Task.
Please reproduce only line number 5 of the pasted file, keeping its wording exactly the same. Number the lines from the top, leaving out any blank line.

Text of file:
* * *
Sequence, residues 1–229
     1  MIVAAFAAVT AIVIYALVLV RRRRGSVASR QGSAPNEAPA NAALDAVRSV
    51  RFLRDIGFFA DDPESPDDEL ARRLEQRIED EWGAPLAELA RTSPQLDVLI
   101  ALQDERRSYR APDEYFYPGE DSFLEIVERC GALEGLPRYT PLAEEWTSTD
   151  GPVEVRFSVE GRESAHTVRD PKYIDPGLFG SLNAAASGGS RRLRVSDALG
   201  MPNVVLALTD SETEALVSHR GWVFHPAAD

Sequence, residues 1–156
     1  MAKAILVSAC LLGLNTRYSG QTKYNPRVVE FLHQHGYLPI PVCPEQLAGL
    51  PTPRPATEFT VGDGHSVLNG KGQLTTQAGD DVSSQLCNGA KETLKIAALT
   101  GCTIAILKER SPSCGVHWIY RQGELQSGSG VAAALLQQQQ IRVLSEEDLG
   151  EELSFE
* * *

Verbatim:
   151  GPVEVRFSVE GRESAHTVRD PKYIDPGLFG SLNAAASGGS RRLRVSDALG